Sunday, May 04, 2008

Las Vegas Golf Courses - More Frugal with Water than Homeowners

Since Las Vegas is now a golf destination, I thought it was appropriate to post this letter to the editor of the Review Journal. The owners of Las Vegas homes have been complaining about the recent rate increases on water. For our Las Vegas golf course communities, this rate increase is even more expensive, raising HOA dues and golf membership dues.

To the editor:

After reading Jason Wagner's Friday letter to the editor, which criticized the Review-Journal's April 20 feature on the best 18 golf holes in Las Vegas for highlighting water waste by golf courses, I feel it is important to present the facts regarding water usage and Southern Nevada's golf courses.

First and foremost, the golf industry adds almost $1 billion each year to the Nevada economy.

Golf is an integral part of any resort destination throughout this country or abroad.

Golf courses use less than 8 percent of the valley's water, and that number is shrinking due to technological advances as well as superintendents' vigilant water management. Golf courses have removed 500 acres of turf, or the equivalent of five full-size courses, in the past few years, utilizing the Southern Nevada Water Authority's Water Smart programs. Golf courses are simply the most efficient water users in any water use category. We utilize the most advanced computerized control systems in combination with on-site weather stations to adjust our water usage 365 days a year. Water is golf courses' No. 1 cost of doing business, and therefore it is imperative that we manage our water efficiently.

Golf courses spend considerable staffing resources to manage this precious and expensive liquid. An average golf course will have two to four employees whose full-time job is to manage water. The rate increase recently passed by the Las Vegas Valley Water District, which will mean an increase to an average homeowner of a few dollars a month, can mean an additional $200,000 annually or more to a golf course's bottom line. With most other business costs skyrocketing as well, we cannot pass these increases onto our customers.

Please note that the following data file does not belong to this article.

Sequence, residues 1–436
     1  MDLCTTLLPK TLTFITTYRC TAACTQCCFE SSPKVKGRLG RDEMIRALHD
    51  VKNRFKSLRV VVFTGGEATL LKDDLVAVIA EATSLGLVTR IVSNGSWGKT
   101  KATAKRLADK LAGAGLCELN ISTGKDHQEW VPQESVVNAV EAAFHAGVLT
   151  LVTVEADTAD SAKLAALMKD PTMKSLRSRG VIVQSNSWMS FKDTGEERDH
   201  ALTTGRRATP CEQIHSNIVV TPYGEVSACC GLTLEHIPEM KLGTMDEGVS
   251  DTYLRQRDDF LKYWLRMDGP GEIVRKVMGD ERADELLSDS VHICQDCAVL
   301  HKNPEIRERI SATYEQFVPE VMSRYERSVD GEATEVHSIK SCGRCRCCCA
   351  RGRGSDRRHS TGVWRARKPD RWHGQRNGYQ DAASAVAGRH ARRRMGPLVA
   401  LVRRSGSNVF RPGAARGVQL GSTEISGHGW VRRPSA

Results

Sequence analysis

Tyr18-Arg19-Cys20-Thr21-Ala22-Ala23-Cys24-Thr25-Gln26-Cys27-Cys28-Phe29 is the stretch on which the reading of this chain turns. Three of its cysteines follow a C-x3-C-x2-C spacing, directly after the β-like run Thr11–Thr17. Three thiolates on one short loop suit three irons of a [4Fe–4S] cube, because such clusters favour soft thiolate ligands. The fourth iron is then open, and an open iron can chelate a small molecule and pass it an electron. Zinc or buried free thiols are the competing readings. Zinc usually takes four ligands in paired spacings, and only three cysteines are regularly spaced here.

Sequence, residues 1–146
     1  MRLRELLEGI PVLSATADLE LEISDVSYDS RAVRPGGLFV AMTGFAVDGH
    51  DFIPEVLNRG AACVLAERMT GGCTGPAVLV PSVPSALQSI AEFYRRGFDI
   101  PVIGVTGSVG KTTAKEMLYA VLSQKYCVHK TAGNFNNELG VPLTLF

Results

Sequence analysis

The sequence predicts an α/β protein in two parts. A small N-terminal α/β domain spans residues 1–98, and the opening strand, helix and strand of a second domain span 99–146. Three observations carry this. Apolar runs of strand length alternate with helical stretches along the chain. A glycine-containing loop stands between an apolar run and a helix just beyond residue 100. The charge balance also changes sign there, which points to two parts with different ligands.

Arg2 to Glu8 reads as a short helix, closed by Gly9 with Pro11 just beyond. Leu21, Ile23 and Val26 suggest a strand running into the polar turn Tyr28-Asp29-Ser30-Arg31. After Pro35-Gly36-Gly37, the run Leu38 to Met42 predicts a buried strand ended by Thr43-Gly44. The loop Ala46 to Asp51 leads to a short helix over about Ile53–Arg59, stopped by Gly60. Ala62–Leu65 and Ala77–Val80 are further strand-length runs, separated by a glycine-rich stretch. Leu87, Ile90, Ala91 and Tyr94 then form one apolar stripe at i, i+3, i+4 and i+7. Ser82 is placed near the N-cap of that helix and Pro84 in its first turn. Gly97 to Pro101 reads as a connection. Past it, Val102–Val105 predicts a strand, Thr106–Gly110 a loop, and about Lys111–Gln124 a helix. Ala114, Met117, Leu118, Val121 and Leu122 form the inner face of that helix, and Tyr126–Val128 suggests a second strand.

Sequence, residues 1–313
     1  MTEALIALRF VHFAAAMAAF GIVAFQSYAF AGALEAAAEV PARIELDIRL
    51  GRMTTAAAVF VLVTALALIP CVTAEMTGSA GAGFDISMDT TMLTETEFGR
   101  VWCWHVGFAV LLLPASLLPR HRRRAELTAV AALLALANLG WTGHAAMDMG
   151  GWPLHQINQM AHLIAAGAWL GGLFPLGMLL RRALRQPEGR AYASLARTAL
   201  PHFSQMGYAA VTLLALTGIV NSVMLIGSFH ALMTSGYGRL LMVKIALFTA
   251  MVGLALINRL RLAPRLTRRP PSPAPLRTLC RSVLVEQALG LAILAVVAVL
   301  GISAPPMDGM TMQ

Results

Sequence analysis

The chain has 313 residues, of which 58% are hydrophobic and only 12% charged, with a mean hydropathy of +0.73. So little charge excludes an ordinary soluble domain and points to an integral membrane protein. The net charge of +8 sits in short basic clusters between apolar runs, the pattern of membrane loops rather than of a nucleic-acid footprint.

Golf courses are not green because they waste water. We fertilize correctly, we airify turf correctly, we chose the correct type of turf grass, we water correctly, and we have highly trained staff to identify and fix irrigation problem areas immediately. We apply wetting agents correctly. These are expensive chemicals that help the water to penetrate our poor desert soil, or help it hold on to moisture longer.

Golf course superintendents have worked closely with the Southern Nevada Water Authority to develop water budgets for golf courses to follow to reduce water usage during this period of drought, and have significantly reduced water use along with homeowners.

The golf course industry in Las Vegas is a critical part of our tourism machine, and we must not cause irreparable harm to a huge part of our already shaky economy without looking at the facts.
P.J. McGuire
LAS VEGAS
THE WRITER IS PRESIDENT OF THE SOUTHERN NEVADA GOLF COURSE SUPERINTENDENTS ASSOCIATION

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